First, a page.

The FDA has approved a new injectable drug that’s expected to ease the pain of debilitating headache clusters.

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The new drug works by blocking a protein involved in the transmission of pain in the brain. Getty Images

You wake up in the middle of the night with excruciating pain behind your right eye.

Tears are streaming down your face, your nose is running, your eyelid is drooping.

You pace the floor, restless and agitated.

Eventually the pain stops. But it comes back again, as many as eight times within a single day.

And that cycle of attacks can continue for several weeks or months.

That’s the classic description of what happens to people who experience episodic cluster headaches.

Now for the first time, a new drug specifically targeting those headaches has gotten the green light.

Last week, the Food and Drug Administration (FDA) approved the use of Emgality to treat this often debilitating condition.

“Emgality is the first time we have a treatment for cluster headaches based on what we know about what happens in the brain during a cluster headache attack,” Dr. Rashmi B. Halker Singh, a headache neurologist at the Arizona campus of the Mayo Clinic, told Healthline.

“It’s designed specifically for headache pain and it’s really exciting,” she said.

Pharmaceutical Company Eli Lilly makes the drug.

In a statement, the company told Healthline that Emgality works by blocking a protein called CGRP or calcitonin gene-related peptide.

CGRP is involved in the transmission of pain in the brain and nervous system. Researchers found that CGRP levels increase when patients have migraine or cluster headaches.

The FDA first approved Emgality last September to prevent migraine. Aimovig from Novartis and Ajovy from Teva are two other drugs in the new category of CGRP inhibitors the agency approved last fall to treat migraine headaches.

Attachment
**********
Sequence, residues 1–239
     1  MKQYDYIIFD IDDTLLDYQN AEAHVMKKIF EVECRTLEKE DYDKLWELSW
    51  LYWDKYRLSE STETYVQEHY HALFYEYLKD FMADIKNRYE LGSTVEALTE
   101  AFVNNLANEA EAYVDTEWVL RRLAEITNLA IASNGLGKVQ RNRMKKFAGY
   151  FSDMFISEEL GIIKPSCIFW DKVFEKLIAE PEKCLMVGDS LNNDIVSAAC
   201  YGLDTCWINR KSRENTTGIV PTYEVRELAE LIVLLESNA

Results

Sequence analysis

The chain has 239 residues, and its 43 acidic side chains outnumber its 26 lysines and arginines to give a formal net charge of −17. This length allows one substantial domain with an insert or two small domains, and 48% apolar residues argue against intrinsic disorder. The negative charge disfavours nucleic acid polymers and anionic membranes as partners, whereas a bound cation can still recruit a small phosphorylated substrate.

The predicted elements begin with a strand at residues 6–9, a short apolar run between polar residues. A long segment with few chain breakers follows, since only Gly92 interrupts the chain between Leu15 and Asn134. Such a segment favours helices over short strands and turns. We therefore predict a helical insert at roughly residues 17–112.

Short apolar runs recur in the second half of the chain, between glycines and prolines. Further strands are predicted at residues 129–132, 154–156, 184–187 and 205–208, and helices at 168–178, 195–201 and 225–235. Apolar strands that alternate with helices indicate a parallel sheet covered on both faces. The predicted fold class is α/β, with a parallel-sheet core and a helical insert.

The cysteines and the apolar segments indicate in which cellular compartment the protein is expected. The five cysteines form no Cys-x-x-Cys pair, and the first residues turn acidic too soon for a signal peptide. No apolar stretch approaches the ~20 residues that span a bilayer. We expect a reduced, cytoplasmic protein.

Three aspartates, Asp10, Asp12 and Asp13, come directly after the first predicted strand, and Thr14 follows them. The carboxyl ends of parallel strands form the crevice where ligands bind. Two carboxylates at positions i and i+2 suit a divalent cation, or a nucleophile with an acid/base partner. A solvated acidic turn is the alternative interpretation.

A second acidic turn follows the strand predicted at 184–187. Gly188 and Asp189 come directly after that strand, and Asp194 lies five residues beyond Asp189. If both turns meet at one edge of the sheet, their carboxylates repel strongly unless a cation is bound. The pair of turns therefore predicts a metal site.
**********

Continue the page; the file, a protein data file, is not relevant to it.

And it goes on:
The American Migraine Foundation has described them as groundbreaking new treatments.

Eli Lilly continued researching whether Emgality would work for episodic cluster headaches.

In its news release, the FDA said Emgality was tested in a clinical trial involving 106 patients over a three-week period.

Researchers measured the average number of cluster headaches per week. They found that people taking Emgality had 8.7 fewer headache attacks versus 5.2 fewer attacks for people on a placebo drug.

Singh said she hasn’t yet used Emgality to treat her patients with episodic cluster headaches, but she has prescribed it for people with migraine headaches along with the other CGRP inhibitors.

“I’ve been using it quite a bit for my patients who have migraine. About half see about a 50 percent reduction in headache frequency, a third see about a 75 percent reduction in the frequency,” she said.

“It’s been really life-changing for so many of my patients. Some had tried numerous other medications and did not find those drugs to be helpful,” she added.

Singh said there have been few options to treat the episodic cluster headaches until now.

“Our first line of treatment up to this point has been a drug called verapamil, a blood pressure medication that requires close monitoring,” she explained. “We were using things designed to treat other conditions that we kind of pulled into the headache world.”

Emgality is injected by the person using it.

Eli Lilly officials told Healthline the dosage is different for migraine and episodic cluster headaches.

People living with migraine inject themselves once a month to prevent their headaches.

For episodic cluster headaches, the recommended dosage is three consecutive injections when the cluster attack begins. People then inject themselves monthly until that cycle ends.

The company says the cost of Emgality taken monthly for migraine is $6,900 a year.

It could cost more or less to treat the episodic cluster headaches, depending on the number of doses needed.

“I can’t overemphasize how important this is for patients who have cluster headaches” Singh said. “People describe it as a searing pain, kind of like a hot poker through their eye.”

Singh said the future of treatments looks promising.

“Last year and this year, we’ve come up with a lot of improvements for patients that have cluster headaches and migraine,” Singh said. “This is only the beginning. I’m excited for all the other treatments coming down the pipeline.”